How to be friendly and interview people, using the ORBIT technique.
Most of us find it easier to talk to and cooperate with people with whom we have good rapport. It’s no surprise that the same is true in police interviews with terrorism suspects. There is good evidence to support this too. The High-Value Detainee Interrogation Group (See ‘Expanding the frontiers of interrogation research and practice’,) funded CREST researcher Laurence Alison and his team to study the components of good rapport in interviews with terrorist suspects. Here they introduce the Observing Rapport-Based Interpersonal Techniques (ORBIT) tool, developed through that research, and explain how it is now informing the training and assessment of interviewers in the field.
The Observing Rapport-Based Interpersonal Techniques (ORBIT) tool was developed by our research team at the University of Liverpool, based on analysis of more than 1,000 hours of video footage of interviews with some of the most difficult terrorist suspects. Ours is the only field-based operational study of such interviews to date. It provides a contemporary evidence base of ‘what works’ in reducing counter-interrogation strategies and resistance and maximising intelligence, information and evidence gain.
We drew on Motivational Interviewing (MI) research to guide our research on interviewing. MI was originally developed in the therapeutic community, but it is now widely used to address problems in health care and psychological services. It is used as a way of strengthening an individual’s motivation for change, based on a facilitative approach to communication. An MI approach aims to draw out the thoughts of the interviewee whilst not placing any demands on the interviewee to cooperate. It is based on five principles:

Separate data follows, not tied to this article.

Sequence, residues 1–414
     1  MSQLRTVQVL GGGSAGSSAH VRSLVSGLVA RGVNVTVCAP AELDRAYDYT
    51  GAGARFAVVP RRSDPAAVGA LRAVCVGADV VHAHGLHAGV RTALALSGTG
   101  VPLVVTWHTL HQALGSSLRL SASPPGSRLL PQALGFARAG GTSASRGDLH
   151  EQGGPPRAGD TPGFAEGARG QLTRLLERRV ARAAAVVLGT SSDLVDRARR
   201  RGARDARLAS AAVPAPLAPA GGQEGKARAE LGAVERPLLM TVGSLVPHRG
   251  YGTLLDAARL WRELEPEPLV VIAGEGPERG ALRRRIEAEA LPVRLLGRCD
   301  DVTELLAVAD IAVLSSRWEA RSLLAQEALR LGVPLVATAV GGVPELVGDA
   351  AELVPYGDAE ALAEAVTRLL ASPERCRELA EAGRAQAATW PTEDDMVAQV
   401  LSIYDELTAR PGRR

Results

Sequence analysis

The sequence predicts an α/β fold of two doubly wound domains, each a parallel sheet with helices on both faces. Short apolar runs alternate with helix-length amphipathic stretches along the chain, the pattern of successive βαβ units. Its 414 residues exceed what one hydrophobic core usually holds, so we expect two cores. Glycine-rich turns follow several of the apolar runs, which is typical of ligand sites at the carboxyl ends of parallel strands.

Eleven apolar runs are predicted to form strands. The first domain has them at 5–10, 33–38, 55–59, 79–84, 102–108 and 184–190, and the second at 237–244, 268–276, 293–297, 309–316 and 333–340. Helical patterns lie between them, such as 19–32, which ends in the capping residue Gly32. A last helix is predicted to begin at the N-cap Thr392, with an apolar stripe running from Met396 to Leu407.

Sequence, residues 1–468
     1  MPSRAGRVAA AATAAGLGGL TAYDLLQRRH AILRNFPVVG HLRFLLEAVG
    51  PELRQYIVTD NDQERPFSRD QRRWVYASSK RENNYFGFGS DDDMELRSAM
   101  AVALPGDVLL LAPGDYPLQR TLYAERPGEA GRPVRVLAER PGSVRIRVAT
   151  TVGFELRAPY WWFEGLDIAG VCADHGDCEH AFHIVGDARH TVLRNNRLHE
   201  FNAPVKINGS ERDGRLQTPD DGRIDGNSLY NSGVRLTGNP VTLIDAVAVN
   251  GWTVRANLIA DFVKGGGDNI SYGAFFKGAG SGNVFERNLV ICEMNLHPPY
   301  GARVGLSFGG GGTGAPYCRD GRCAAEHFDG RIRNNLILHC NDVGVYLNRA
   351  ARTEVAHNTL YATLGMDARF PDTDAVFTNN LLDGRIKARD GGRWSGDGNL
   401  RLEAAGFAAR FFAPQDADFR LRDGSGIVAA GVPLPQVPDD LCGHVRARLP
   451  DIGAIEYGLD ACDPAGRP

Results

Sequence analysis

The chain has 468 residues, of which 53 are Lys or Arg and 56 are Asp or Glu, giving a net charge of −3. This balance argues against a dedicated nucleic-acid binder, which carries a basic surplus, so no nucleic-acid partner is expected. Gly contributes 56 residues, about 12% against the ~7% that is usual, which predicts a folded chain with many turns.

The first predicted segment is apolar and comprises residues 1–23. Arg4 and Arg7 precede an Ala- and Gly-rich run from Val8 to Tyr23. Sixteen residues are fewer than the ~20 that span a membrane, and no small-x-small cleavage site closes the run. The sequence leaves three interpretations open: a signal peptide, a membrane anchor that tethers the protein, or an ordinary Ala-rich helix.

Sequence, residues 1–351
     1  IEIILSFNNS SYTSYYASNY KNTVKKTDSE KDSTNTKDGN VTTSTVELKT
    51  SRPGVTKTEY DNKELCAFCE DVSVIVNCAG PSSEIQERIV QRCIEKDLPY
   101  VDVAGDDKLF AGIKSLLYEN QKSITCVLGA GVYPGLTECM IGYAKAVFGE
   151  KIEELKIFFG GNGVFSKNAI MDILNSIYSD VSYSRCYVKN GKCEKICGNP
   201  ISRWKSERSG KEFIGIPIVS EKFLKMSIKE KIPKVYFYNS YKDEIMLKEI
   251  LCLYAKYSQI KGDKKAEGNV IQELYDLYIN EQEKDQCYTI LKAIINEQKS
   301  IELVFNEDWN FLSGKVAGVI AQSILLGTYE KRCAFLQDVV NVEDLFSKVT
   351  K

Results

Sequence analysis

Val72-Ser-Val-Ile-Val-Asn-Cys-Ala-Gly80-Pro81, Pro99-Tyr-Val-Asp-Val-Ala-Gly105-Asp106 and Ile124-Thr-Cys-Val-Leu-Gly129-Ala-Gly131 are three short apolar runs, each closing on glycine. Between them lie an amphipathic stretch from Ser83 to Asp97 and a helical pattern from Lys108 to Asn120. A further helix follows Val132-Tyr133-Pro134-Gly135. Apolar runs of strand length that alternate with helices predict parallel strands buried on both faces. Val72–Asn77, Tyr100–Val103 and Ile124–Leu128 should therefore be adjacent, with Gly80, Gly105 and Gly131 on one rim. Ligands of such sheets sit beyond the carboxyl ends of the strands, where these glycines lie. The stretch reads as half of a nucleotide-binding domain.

Providing choice for the interviewee.
Accepting the views, beliefs and explanations given by an interviewee without judgement.
To adapt to changes or developments in the interviewee’s account throughout the interview.
To draw out the interviewee’s thoughts, beliefs or feelings without putting forward your own views.
To show consideration for the immediate or longer-term concerns of the interviewee, to understand the perspective of the interviewee without accepting or respecting their views, and to seek clarification and understanding.
We hypothesised that effective suspect interviews would also be based on these five principles, and in particular that effective interviewers would build rapport by adopting different skills and techniques in response to the way in which the suspect is interacting with them. There is a full spectrum of positive and negative modes of relating, and we looked at whether or not effective interviewers used all modes in a versatile and competent way. For example, were they able to challenge and be authoritative but do so within a broader empathic and accepting context? We expected that effective use would increase the amount of useful information elicited from the suspect.
The next step was to determine how these principles could be observed from the behaviours of interviewers and interviewees. In our ORBIT model, we mapped the possible types of interviewer-interviewee interactions against two ‘interpersonal circles’ (see left and below). One circle shows adaptive responses (i.e. responses that lead to a better interview outcome) and the other shows maladaptive responses (i.e. those leading to a poor outcome). Each circle has two dimensions: a ‘Cooperation – Confrontation’ axis and a ‘Capitulation – Control’ axis: